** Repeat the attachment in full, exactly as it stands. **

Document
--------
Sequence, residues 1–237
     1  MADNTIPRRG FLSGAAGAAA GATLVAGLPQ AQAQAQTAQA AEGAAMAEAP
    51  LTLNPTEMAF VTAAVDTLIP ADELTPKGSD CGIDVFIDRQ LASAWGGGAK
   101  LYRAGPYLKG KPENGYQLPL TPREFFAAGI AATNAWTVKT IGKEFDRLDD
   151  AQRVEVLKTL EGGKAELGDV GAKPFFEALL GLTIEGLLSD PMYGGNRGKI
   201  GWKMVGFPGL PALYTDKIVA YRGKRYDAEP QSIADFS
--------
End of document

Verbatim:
Sequence, residues 1–237
     1  MADNTIPRRG FLSGAAGAAA GATLVAGLPQ AQAQAQTAQA AEGAAMAEAP
    51  LTLNPTEMAF VTAAVDTLIP ADELTPKGSD CGIDVFIDRQ LASAWGGGAK
   101  LYRAGPYLKG KPENGYQLPL TPREFFAAGI AATNAWTVKT IGKEFDRLDD
   151  AQRVEVLKTL EGGKAELGDV GAKPFFEALL GLTIEGLLSD PMYGGNRGKI
   201  GWKMVGFPGL PALYTDKIVA YRGKRYDAEP QSIADFS